It's commonly believed in local SEO circles that URLs are given more weight than page titles by search engines, according to TechMaish.
However, before you delve into creating that perfect URL for your website, there are certain risks to keep in mind. Primarily, the fact that a new URL takes time for Google to process, meaning a site's rankings may suffer or the site itself may receive some errors during the transition period, SEOMoz notes.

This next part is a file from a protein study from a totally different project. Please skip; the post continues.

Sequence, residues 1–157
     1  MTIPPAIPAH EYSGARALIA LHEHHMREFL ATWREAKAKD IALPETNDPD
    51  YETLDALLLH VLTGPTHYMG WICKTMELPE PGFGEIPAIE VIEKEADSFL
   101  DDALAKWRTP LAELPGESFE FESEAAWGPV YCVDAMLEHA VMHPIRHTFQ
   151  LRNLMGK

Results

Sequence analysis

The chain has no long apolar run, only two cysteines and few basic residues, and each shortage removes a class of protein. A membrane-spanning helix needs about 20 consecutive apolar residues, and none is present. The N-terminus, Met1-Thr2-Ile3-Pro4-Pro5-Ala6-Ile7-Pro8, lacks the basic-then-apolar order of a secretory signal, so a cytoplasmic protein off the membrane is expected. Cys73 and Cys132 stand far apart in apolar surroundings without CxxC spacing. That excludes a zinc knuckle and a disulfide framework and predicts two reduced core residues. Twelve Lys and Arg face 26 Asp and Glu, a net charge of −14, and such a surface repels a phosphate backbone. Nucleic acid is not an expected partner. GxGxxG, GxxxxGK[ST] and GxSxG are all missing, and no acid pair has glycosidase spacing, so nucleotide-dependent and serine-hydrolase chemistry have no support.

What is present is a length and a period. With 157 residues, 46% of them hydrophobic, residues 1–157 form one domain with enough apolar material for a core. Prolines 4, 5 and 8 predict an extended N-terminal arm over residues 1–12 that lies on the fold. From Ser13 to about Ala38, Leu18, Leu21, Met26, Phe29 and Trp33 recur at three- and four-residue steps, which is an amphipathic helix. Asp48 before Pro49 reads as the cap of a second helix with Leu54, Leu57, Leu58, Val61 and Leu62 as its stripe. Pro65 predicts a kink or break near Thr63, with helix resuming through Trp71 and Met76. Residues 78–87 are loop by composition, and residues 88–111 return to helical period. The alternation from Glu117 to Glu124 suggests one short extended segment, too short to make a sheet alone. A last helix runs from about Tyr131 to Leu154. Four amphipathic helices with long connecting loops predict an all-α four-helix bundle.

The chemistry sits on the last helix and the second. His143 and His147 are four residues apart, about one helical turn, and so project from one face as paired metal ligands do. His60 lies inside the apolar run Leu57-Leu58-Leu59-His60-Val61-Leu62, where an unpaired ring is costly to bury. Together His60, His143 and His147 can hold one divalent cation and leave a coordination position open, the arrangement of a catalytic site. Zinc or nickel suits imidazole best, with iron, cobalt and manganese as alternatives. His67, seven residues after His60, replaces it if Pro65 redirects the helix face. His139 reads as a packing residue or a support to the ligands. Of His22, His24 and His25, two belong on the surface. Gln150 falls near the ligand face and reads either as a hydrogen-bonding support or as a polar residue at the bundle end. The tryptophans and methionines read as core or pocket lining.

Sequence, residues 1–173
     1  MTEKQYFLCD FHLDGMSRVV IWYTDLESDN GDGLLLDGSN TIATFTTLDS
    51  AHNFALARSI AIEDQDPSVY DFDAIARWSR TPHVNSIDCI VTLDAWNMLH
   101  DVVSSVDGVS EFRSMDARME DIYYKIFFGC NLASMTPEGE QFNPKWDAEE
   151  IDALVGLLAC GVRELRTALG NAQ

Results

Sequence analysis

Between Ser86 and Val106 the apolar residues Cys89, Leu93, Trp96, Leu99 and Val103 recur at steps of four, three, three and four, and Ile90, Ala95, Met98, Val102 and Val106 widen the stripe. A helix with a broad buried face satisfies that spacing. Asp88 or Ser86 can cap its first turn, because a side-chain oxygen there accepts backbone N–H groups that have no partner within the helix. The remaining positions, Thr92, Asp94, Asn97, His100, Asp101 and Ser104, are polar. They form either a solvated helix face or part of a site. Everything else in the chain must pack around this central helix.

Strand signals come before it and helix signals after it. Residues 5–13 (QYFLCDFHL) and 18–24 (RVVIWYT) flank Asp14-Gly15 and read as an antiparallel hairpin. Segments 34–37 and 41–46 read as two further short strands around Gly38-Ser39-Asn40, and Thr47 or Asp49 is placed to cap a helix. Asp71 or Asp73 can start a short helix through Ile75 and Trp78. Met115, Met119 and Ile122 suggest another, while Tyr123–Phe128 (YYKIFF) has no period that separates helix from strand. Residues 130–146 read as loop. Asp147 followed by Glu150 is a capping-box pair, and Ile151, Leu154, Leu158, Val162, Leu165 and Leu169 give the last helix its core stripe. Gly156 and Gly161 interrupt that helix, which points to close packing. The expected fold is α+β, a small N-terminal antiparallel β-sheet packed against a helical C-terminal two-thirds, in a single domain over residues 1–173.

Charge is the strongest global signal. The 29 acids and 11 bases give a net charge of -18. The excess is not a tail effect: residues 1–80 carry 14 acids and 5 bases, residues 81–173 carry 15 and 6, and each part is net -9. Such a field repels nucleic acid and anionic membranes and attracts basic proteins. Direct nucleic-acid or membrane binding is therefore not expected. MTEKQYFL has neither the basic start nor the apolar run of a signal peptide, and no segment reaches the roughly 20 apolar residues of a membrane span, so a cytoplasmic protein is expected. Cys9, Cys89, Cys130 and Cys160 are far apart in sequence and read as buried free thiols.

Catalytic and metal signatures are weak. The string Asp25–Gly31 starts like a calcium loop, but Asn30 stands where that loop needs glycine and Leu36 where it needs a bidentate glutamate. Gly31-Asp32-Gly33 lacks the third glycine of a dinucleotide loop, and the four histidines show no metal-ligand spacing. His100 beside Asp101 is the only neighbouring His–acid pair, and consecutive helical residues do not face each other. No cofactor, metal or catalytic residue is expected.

If the new URL isn't significantly more effective at inviting new traffic during local search or producing a higher page rankings than the old one was, it may be better to sit tight.
However, if you decide to move forward, there are some rules to remember.
You should remove all unnecessary words from the URL. As SEOMoz explains, a shortened web address will rank better in Google and avoid the issues of a dynamic URL, which usually don't contain relevant keywords, are more prone to creating duplicate content and tend to be less user-friendly.
Other tricks of the trade noted by TechMaish include placing important keywords earlier in the address without over-stuffing, and ensuring proper redirection by using a 301 redirect to reduce traffic loss.